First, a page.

Cuts to match-funded Waveney PCSOs delayed by a year


- Credit: Archant © 2008

Feared cuts to police community support officer (PCSO) posts in Waveney have been delayed by a year.

Marram Green, Kessingland.Liam Martin.

Marram Green, Kessingland.Liam Martin. - Credit: Nick Butcher

Suffolk Constabulary had put all of the county's 166 PCSOs 'at risk' as part of a major restructure in order to save £20.5million from its budget by 2020, saying it would not 'match-fund' posts as it had in the past.

The force has until now paid part of a PCSO's salary, with the other part paid for by a community group or organisation.

Officers said that as well as needing to save money, they were reorganising the force to deal with changing patterns of crime that today see a greater focus on cyber crime than the more traditional problems.

But parish and town councils said the change, which would have come into effect in April this year, did not give them enough time to make alternative arrangements and see if they could find funding from elsewhere to keep the PCSOs - especially those that had already set their council tax levels for the year ahead.

However in a letter seen by The Journal, police and crime commissioner Tim Passmore and chief constable Gareth Wilson said: 'Many partners have expressed concern, particularly due to the very tight timescales.

'We are therefore going to postpone this decision until April 2017, to give you time for proper consideration of your requirements in the future.'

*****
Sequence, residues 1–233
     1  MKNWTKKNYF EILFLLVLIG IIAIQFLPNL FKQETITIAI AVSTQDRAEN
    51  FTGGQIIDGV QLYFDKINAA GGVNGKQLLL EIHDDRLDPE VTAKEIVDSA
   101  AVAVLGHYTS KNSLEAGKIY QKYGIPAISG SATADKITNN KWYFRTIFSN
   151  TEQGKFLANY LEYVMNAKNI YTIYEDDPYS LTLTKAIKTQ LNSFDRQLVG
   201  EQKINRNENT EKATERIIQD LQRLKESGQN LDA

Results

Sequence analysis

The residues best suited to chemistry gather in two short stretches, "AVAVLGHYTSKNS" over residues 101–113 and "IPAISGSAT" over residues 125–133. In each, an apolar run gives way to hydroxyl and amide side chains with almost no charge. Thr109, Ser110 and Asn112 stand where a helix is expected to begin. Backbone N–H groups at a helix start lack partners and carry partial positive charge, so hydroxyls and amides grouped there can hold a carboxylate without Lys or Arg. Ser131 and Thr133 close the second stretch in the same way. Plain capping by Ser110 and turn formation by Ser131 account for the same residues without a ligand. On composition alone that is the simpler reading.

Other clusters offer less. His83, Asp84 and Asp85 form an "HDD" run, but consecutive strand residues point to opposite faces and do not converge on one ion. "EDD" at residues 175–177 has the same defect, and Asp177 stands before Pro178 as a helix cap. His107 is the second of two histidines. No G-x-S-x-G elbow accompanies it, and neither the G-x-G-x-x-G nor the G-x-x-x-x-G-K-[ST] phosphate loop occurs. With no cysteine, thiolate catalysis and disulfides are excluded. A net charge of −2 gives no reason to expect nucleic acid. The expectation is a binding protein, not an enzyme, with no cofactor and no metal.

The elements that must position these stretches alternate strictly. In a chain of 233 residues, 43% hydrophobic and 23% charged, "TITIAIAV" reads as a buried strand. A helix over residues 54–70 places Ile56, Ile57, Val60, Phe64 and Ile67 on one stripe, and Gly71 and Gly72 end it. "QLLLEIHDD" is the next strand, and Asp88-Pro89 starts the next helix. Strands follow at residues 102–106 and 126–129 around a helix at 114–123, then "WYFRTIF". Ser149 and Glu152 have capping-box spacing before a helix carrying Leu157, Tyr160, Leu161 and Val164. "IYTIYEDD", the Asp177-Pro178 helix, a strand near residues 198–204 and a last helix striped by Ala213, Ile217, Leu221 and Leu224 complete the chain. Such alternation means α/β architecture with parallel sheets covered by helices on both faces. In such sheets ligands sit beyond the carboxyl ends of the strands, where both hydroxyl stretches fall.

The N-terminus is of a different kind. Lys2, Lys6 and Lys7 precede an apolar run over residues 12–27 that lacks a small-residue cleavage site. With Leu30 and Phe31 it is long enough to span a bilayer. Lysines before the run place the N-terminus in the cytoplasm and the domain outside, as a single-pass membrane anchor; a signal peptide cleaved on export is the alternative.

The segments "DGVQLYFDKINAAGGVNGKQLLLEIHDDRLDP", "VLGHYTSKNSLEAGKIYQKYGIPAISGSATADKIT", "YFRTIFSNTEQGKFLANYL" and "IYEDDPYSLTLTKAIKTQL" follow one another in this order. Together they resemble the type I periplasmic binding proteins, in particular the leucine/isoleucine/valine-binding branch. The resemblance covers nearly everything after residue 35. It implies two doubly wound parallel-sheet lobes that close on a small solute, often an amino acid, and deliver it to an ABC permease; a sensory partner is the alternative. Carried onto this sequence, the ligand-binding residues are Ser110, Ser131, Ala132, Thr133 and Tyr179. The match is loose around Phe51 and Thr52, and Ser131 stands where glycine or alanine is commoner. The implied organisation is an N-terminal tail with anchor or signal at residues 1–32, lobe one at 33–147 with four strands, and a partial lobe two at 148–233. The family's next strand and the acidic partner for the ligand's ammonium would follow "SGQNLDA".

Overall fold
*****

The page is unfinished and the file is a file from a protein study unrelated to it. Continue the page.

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However, the force is sticking to its position of not paying for match-funded PCSOs after April 2017.

Southwold mayor Melanie Tucker, said: 'We're pleased to see a pragmatic approach has been taken.

'PCSOs have an important community presence and we want to be in a position to match-fund a PCSO.'

Kessingland Parish Council chairman Liam Martin added: 'I think they realised they picked the wrong time and they didn't give anyone enough time to do anything about it.

'It's a good thing they've changed their minds but there should've been more consultation.'

He added that the parish council would need time to consult with the community before deciding whether it has a mandate to fund extra PCSO roles.

However Mr Martin - himself a police officer 30 years - said the decision not to match-fund PCSOs after 2017 is, in his view, wrong.

He said: 'When you consider the population of Kessingland and how many elderly people there are, it is something that reassures them if they can see someone walking around.

'These are people with old, traditional values. If they ring up for a policeman, they want to see a policeman - they don't want to be talking to someone in Martlesham or wait for a car from Halesworth.

'I think it would be wrong to take away everything and leave nothing.'

What do you think of the police's decision not to match-fund PCSO posts? Write, giving your full contact details, to: Journal Postbox, 147 London Road North, Lowestoft NR32 1NB or email